Veggie Hamburger Helper for Grown-ups

Hey folks! Happy Sunday everyone. Since it’s a cold Sunday afternoon in November, my least favourite month, I thought  I’d share a warm and comforting recipe that brings back nostalgic images of my childhood. I got the idea a couple weeks ago while thinking of easy meals to make during the week. Why not make a healthy, meat-free and grown-up version of this 90’s kid boxed wonder?

It certainly brought back memories of  my brother and I spending the afternoon with our babysitter who whipped up this muck.  When my mom was cooking, we got real food with real ingredients like this dish I’m about to show you. It’s comforting and delicious without tasting gross and artificial. It’s also probably easy, quick and convenient enough for a teenage babysitter to cook for a couple of kids.

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Mmm! “That looks delicious, but how on earth were you able to make that without any meat? Where’s the animal protein? You need meat or you’ll stop breathing and DIE! You cannot survive without the flesh of an animal! I know this for a fact because within this brief conversation I suddenly went back to school and became a Registered Dietitian, so you should listen to me.”

I thought I’d show you pretty much what I hear when someone asks me “where I get my protein” and how on earth I’m able to  buy all those expensive ingredients of dried beans, produce and grains at a regular grocery store. To me, it’s like the food version of “When are you having kids?”. Do you really want to know the entire list of everything I eat? How much time do you have? And will you give me a chocolate bar if I tell you? Jeesh.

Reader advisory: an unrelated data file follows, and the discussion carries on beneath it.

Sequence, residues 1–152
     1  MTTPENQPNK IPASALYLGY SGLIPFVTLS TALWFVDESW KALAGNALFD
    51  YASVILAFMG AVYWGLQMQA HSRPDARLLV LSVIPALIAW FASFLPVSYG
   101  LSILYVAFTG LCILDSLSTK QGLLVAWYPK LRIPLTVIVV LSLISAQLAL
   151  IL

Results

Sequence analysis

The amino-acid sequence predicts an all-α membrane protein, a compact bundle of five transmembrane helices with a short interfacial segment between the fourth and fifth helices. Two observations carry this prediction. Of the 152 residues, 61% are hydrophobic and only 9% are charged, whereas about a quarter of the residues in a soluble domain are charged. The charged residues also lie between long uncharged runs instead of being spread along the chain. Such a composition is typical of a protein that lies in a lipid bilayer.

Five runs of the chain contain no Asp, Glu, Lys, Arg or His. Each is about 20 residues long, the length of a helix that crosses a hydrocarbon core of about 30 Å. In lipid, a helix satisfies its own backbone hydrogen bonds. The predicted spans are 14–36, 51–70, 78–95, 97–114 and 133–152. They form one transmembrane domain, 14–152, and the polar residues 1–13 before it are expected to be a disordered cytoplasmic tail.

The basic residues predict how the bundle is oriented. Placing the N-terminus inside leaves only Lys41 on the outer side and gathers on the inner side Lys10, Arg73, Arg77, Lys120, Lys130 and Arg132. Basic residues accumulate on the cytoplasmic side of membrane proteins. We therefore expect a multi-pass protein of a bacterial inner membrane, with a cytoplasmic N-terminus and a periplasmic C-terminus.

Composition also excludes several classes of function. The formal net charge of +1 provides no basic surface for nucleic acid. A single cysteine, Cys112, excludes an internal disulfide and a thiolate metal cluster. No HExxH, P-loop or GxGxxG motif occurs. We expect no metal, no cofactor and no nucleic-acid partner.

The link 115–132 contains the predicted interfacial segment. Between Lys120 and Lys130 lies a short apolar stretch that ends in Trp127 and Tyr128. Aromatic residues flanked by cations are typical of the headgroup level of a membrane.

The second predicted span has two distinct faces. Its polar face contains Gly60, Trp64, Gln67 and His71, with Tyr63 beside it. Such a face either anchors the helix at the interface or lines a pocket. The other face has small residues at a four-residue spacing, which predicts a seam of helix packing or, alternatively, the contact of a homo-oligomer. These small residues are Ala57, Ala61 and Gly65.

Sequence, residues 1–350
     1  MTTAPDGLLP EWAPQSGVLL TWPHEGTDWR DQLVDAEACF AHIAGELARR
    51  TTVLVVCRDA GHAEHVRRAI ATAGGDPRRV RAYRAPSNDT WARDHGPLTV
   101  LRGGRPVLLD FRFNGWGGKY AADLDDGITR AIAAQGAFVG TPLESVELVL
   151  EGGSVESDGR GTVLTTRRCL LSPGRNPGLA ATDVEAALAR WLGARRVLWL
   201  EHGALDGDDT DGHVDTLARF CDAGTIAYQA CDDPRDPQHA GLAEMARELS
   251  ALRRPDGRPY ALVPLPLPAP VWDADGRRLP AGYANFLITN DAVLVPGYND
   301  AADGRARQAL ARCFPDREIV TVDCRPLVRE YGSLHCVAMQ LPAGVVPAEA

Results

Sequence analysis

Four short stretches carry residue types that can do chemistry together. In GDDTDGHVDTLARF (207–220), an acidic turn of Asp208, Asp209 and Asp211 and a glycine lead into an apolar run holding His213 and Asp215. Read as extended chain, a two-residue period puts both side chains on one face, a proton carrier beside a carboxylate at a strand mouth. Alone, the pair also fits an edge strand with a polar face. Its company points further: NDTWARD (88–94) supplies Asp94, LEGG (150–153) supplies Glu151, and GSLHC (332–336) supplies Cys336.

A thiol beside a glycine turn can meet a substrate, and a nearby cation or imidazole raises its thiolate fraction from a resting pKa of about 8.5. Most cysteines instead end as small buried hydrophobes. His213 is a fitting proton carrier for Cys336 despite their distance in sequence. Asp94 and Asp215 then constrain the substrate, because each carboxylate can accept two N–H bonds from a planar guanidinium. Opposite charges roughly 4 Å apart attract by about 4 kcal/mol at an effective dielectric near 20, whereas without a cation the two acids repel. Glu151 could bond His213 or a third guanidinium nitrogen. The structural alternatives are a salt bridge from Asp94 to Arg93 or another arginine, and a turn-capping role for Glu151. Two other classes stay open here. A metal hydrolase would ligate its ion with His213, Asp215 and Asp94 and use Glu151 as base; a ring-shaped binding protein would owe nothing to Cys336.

Any who, I’m getting sidetracked…

When throwing this meal together I broke it down into three components: Pasta, protein source/veggies, sauce.

For the pasta I used a box of penne I had in the cabinet instead of the more traditional elbow macaroni. So I cooked my pasta and set that aside.

For the protein I chopped two patties of Yves soy-free veggie burgers into cubes and fried with oil, garlic and onion until they were brown and slightly crispy. Gardein beefless tips would also work well or if you’re feeling ambitious you can make your own burgers.

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Hello, beauties!

Set aside the “meat” and chop some spinach and bell peppers to add to the pan. You can of course use any vegetables you choose, these are just the ones I happened to have in the fridge. I’ve also been reading a lot about how important folic acid is for women my age. Yay, leafy greens!  Saute the veggies for a couple minutes until they’re tender.

Now, it’s time to make the sauce! I may have made the sauce before I cooked the burgers and the veggies but I honestly can’t remember. For this, I used a simple white sauce: butter, flour and unsweetened almond milk.  Yes, you can cook with almond milk, I use it all the time because we don’t drink cow’s milk. Just make sure it’s unsweetened.  No, it will not curdle and is perfectly fine to use in making simple sauces such as this one. While it’s simmering, season the sauce with salt and pepper, chili powder and whatever spice you fancy.